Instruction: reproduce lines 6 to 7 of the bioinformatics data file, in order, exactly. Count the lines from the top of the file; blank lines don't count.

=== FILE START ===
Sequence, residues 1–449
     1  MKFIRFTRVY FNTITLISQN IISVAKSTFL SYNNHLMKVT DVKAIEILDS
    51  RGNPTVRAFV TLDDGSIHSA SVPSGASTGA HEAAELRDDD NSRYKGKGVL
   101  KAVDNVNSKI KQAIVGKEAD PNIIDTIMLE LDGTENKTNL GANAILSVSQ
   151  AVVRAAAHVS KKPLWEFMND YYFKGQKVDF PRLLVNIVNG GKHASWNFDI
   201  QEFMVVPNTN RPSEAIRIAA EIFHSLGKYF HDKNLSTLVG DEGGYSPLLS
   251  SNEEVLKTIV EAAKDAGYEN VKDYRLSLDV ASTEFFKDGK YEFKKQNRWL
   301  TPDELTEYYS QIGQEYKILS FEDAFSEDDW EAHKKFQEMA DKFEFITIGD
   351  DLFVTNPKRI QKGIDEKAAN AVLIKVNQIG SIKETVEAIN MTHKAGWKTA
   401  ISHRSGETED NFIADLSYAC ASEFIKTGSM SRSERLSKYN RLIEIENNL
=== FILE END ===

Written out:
   201  QEFMVVPNTN RPSEAIRIAA EIFHSLGKYF HDKNLSTLVG DEGGYSPLLS
   251  SNEEVLKTIV EAAKDAGYEN VKDYRLSLDV ASTEFFKDGK YEFKKQNRWL